A NH Senate committee yesterday said no to the repeal of New Hampshire’s tax credit for businesses that donate to a scholarship program for the benefit of K-12 students. The school choice measure was enacted January 1 by action of the previous legislature, and its repeal via HB 370 was a priority for the new Democratic majority.

An earlier post (now removed) said that the full Senate had voted. That was incorrect, and I regret the error. The Senate will vote on HB 370 later this month. For now, the bill is one step closer to being killed, and the tax credit for now stays in place.

Ed Tax Credit Repeal Gets OK in NH House

… or, “It’s 5 p.m.; do you know where your representatives are?”

After an hour of debate at the end of a long day, the New Hampshire House today voted 188-151 to pass HB 370. This bill to repeal the new education tax credit now goes to the Senate. Most Democrats favored repeal, and most Republicans opposed it – hardly a surprise. I’ve addressed the bill at length in earlier posts. The debate broke no new ground. In fact, many seats were empty during the floor speeches, as though a number of reps took a break while knowing exactly what was going to be said.

NH House chamber during HB 370 debate
NH House chamber during HB 370 debate

A few names ought to be named, so that praise and blame go where they belong.

Rep. David Hess (R-Hooksett) led the defenders of the tax credit in floor debate. He was joined by Kris Roberts (D-Keene), Pam Tucker (R-Greenland), Rick Ladd (R-Haverhill), and Laurie Sanborn (R-Bedford) in calling for defeat of the bill so that the tax credit and associated scholarship program could continue. Roberts, a Democrat, gets extra credit in  my book for standing up for school choice. That’s not a popular view with House leadership this year.

Arguments on the other side began with Mary Gile (D-Concord), who was followed by Lorrie Carey (D-Boscawen), Marjorie Porter (D-Hillsboro), Susan Almy (D-Lebanon), and Steve Vaillancourt (R-Manchester). “Elections have consequences,” thundered Rep. Vaillancourt. I’m not sure if he was gloating or just being loud. In either case, he had a point. All of these speakers beginning with Rep. Gile conflated “voucher” with “tax credit.” That’s inaccurate, of course, but they all know that “voucher” is a dog-whistle term that’s useful for calling together people who are skeptical of nontraditional education.

Seven Republicans bucked their caucus and supported repeal: Vaillancourt, Carolyn Gargasz of Hollis, Priscilla Lockwood of Canterbury, Jeff Oligny of Plaistow, Timothy Copeland of Stratham, John Sytek of Salem, and James Grenier of Goshen.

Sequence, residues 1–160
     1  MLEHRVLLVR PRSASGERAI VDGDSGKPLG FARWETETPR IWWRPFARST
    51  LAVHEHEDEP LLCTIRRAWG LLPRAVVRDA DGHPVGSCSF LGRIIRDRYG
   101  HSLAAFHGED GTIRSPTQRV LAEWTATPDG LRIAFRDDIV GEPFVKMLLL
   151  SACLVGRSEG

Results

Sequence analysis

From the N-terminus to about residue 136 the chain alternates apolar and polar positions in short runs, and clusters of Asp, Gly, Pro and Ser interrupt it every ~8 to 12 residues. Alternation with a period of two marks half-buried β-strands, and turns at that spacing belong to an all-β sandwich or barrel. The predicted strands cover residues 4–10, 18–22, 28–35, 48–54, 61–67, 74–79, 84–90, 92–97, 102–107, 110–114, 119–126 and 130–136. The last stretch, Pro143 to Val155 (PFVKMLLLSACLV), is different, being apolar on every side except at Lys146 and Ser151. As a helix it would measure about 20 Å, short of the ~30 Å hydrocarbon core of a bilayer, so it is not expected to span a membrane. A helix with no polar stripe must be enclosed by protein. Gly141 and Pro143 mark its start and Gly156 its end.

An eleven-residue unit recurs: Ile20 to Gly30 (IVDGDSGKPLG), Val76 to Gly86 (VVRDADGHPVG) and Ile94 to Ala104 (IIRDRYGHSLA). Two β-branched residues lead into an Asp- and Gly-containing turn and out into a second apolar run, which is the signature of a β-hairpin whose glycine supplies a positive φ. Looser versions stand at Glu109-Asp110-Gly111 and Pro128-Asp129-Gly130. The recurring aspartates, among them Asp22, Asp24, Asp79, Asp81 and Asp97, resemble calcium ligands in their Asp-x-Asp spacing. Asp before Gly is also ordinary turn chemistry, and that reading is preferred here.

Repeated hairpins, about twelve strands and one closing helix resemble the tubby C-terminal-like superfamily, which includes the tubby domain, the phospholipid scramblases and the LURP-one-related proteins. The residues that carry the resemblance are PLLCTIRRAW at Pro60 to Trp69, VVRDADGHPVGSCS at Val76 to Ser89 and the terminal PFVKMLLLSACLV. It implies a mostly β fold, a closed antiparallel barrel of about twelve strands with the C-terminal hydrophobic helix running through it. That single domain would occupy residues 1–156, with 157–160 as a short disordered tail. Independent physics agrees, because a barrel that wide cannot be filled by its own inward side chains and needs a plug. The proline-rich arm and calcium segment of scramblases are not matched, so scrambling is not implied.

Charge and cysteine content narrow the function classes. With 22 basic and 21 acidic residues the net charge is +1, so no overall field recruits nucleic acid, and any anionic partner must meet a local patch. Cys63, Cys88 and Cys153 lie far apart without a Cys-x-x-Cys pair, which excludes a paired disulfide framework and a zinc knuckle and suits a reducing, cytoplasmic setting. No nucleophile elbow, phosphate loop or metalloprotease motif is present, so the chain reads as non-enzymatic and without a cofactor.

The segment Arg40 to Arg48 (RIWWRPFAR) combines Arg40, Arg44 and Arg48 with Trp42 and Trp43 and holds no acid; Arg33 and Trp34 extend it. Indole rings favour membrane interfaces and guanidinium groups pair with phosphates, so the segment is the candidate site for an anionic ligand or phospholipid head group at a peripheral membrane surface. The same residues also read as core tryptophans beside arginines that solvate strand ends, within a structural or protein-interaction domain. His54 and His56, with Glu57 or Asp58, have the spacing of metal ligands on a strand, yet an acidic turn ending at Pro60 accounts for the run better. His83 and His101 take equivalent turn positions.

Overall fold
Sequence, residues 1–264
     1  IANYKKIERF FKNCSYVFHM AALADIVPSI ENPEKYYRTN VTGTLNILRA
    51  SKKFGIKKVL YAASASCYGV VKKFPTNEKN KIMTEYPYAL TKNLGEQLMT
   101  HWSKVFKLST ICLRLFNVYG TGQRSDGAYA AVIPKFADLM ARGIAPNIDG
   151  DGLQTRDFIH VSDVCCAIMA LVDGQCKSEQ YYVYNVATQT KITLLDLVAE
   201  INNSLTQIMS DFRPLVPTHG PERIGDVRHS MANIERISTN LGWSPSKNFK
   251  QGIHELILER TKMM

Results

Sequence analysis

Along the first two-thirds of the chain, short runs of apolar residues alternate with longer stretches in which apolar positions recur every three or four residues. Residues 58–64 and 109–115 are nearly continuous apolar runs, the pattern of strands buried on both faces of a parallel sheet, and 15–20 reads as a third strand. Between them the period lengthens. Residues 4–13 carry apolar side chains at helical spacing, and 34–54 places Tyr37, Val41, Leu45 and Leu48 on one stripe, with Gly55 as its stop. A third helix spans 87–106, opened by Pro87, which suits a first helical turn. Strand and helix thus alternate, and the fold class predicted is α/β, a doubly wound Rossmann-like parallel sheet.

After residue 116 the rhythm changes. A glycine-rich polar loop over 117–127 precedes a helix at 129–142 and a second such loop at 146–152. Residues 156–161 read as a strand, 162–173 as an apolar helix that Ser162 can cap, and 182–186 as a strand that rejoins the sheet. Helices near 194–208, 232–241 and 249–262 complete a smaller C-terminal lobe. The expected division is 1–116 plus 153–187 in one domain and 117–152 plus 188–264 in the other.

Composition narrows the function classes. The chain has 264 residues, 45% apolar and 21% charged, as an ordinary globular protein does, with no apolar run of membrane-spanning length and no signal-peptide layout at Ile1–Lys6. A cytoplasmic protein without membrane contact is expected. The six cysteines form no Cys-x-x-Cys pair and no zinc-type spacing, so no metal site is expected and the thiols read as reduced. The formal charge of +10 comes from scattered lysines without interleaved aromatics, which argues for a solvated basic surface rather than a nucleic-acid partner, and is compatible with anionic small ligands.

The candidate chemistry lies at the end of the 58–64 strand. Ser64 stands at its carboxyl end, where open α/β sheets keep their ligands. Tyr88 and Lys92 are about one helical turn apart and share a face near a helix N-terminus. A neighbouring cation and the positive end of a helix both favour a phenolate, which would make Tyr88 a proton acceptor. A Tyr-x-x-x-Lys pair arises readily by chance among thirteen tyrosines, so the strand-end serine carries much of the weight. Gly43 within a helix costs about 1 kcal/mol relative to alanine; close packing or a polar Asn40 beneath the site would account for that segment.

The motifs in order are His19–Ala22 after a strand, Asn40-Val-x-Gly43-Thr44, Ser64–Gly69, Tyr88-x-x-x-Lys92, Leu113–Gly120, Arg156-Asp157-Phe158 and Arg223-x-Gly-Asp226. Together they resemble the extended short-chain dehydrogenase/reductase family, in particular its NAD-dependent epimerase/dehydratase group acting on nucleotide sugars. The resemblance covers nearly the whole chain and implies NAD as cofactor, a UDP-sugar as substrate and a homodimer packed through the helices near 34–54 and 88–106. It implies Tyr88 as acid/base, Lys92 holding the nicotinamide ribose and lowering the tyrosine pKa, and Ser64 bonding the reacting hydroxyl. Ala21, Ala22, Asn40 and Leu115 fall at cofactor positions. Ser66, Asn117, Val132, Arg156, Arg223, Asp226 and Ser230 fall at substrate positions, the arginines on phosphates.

There were five Democrats who voted to kill the bill and keep the education tax credit going: Roberts, Michael Garcia of Nashua, Jean Jeudy of Manchester, Tim O’Flaherty of Manchester, and Joel Winters of Nashua. Good for them.

Kate Baker of NEO was smiling after the vote. “Did you see those numbers?” More reps opposed repeal than she expected. She appears  ready for the Senate hearing, whenever it may be.

More than 40 representatives are listed on today’s roll call as “not voting.” That’s different from an excused absence. Some may have just ducked the vote, although the lateness of the hour may have forced some early departures for family or work obligations. (These reps get $100 a year, remember.)

No date has been set for the Senate hearing on the bill.



Rep. Sanborn to colleagues: “Keep our Promise” re Ed Tax Credit

The New Hampshire House will vote next week on HB 370, repeal of the education tax credit. The House Ways and Means committee voted 10-7 to pass the repeal. The minority report by Rep. Laurie Sanborn (R-Bedford) is worth quoting in full.

“This bill repeals a recently passed scholarship program for lower income families which enables them choice when their child would perform better in a learning environment different from the one they are obligated to attend due to their zip code. The education tax credit bill was well vetted in extensive subcommittee meetings to ensure its constitutionality and effectiveness in helping those that need it, while maintaining our commitment to excellence in the public school system. Caps were placed on the total financial impact on public schools to 1/3 of one percent of the total education budget. The law was also carefully constructed to hold a school district harmless financially if more students leave than would be typical with regular relocation and attrition. The credit has only been in effect for one month. Just the mere mention of a potential repeal has caused potential business participants to be reluctant to contribute to the scholarship program. The minority believes it is imperative that we give this scholarship program – and the children it is aimed at helping – a chance to succeed and keep our promise to the hundreds of families who have already applied for this assistance.”

See House Calendar, page 275.

Supporters of the tax credit plan to be in the House gallery as the vote is cast on February 20.